I chatted with Michael McBride recently on a number of different topics. We decided that a question/answer interview format would be the way to go. You be the judge.
1) With all the research you’ve done what is the one thing you’d like to learn more about?
My research has led me down a lot of really dark rabbit holes. If I were to narrow it to one linear subject, I would have to say eugenics. The concept of one group of people identifying the most desirable human traits and setting into motion a plan to eradicate those who don’t fit their mold is both terrifying and fascinating. With the global population expected to exceed what experts believe the planet can support, I believe it’s going to be a central focus of many policies and debates in the not-so-distant future.
2) If you could live during any era in any land, real or imaginary, where would it be and why?
I would love to live during any one of the various ages of exploration. Imagine traveling with Darwin to the Galapagos Islands or crossing the American frontier amid herds of bison. Sailing off the edge of the map only to find a lush land populated by natives and fantastic creatures. The idea of being the first to discover an element of the world no one ever even imagined is exhilarating.
3) Do you write every day? Would you still write if you didn’t need to make money?
I write every day I don’t have to work at the day job, and put in somewhere in the neighborhood of forty hours a week. Considering how many years I wrote without making any money at all, I can’t believe there’d be some magical dollar threshold that would be enough to tempt me to stop. It’s just what I do, part of who I am.
4) Where did you get the inspiration for Ancient Enemy?
I’d be lying if I said I knew. I initially started writing with the intention of exploring the historical mystery of the disappearance of the Anasazi, while simultaneously integrating some sort of cryptozoological element, but the characters took over right from the start and the story became more about them and their circumstances than whatever threatened their livestock. At its core, Ancient Enemy’s a coming-of-age story about a boy finding his way in a world from which he feels totally detached.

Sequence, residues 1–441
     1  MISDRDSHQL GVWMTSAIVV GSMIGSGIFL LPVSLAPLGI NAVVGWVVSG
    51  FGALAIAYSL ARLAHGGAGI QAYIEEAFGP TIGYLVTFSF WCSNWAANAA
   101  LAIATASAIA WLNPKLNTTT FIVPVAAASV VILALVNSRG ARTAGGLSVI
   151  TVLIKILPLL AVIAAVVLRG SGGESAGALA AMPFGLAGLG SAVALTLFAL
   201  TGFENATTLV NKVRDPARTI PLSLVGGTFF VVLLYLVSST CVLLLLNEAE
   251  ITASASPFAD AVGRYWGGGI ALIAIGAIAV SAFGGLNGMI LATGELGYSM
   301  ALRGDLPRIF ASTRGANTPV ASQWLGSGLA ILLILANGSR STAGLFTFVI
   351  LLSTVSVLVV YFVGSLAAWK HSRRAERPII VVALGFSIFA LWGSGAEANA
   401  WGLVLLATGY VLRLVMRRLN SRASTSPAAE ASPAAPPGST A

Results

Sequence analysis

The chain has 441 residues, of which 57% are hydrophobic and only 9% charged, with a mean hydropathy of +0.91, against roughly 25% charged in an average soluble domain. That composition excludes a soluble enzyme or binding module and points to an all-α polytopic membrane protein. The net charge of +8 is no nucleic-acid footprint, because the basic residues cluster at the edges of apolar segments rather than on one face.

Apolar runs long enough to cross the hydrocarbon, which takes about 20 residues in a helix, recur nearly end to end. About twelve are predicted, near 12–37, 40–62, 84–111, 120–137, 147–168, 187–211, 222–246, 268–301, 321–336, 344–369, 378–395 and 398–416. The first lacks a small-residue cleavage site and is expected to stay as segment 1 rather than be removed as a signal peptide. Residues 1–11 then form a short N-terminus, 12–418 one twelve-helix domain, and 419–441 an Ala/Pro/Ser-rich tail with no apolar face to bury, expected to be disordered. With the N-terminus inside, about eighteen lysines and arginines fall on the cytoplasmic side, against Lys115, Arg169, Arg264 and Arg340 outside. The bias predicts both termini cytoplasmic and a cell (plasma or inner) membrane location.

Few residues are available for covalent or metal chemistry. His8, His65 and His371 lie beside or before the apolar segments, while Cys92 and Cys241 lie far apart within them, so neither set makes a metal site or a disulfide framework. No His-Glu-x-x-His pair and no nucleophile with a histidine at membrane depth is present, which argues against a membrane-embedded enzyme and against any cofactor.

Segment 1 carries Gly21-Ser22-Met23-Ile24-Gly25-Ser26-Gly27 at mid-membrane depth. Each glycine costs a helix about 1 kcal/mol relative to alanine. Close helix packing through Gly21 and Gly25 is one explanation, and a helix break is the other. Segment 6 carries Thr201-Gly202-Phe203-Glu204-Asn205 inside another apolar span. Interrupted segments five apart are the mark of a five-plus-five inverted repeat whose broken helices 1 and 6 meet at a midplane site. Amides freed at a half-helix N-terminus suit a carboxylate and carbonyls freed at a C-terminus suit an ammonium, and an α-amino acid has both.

5) Spicy food or mild?
It depends on the kind of spice. I’m not a big fan of the kind of peppers they use in Mexican and Cajun food, but I absolutely love Chinese, the spicier the better.
6) What’s your go to snack?
I could eat potato chips day and night, especially Lay’s Deli Style, which is why we no longer keep them around. I eat a lot of fruit and yogurt now instead.
7) Do you like to shop for clothes or do you ask your wife to pick things up while she’s out?
I don’t like to shop for clothes, but I’m not completely inept, either. I pretty much buy the necessities online. Jeans, shorts, sundries, what not. The majority of my wardrobe is largely jerseys and team apparel. One of the bonuses of the aging process is that you reach a point where you no longer have to worry about what anyone else thinks of how you’re dressed.
8) Who would you like to co-author a book with?
Jim Marrs. He has a fascinating worldview. I’d love to pick his brain and explore the resulting tangents.
9) Have you considered woodworking as a hobby?
Is whittling a form of woodworking? I wouldn’t mind doing a little whittling. I kind of like the idea of just sitting out on the porch in a rocking chair with a sharp knife. I imagine we’d get fewer solicitors. And suitors for my teenage daughter.
10) How do you want the world to remember you?
I don’t care if the world remembers me or not. My hope is that my children will one day look back and be able to say that I gave them every advantage they needed to succeed. I want them to grow up to be happy and productive adults, who learned enough from my parenting—the good and the bad—that they’ll be even better parents to their children, and in doing so will help improve a small part of the world. And I’d like to leave a little piece of me in my work, so that I’ll always be there for them when the need me.